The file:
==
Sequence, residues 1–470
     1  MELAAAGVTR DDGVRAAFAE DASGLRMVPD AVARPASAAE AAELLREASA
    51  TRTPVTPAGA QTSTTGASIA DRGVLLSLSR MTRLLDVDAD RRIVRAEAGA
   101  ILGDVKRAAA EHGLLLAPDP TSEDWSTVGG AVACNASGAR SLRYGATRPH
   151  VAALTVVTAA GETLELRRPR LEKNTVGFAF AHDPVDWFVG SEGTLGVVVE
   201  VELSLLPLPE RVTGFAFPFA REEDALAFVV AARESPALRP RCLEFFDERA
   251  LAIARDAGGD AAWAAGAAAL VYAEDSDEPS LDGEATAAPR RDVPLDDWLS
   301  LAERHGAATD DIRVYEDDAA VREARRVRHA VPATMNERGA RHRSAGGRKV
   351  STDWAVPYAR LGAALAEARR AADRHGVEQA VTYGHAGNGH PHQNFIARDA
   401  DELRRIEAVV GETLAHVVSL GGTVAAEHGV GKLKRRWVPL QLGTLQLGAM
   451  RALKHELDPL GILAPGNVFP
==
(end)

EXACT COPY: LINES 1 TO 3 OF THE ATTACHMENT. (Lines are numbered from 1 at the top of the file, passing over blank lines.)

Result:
Sequence, residues 1–470
     1  MELAAAGVTR DDGVRAAFAE DASGLRMVPD AVARPASAAE AAELLREASA
    51  TRTPVTPAGA QTSTTGASIA DRGVLLSLSR MTRLLDVDAD RRIVRAEAGA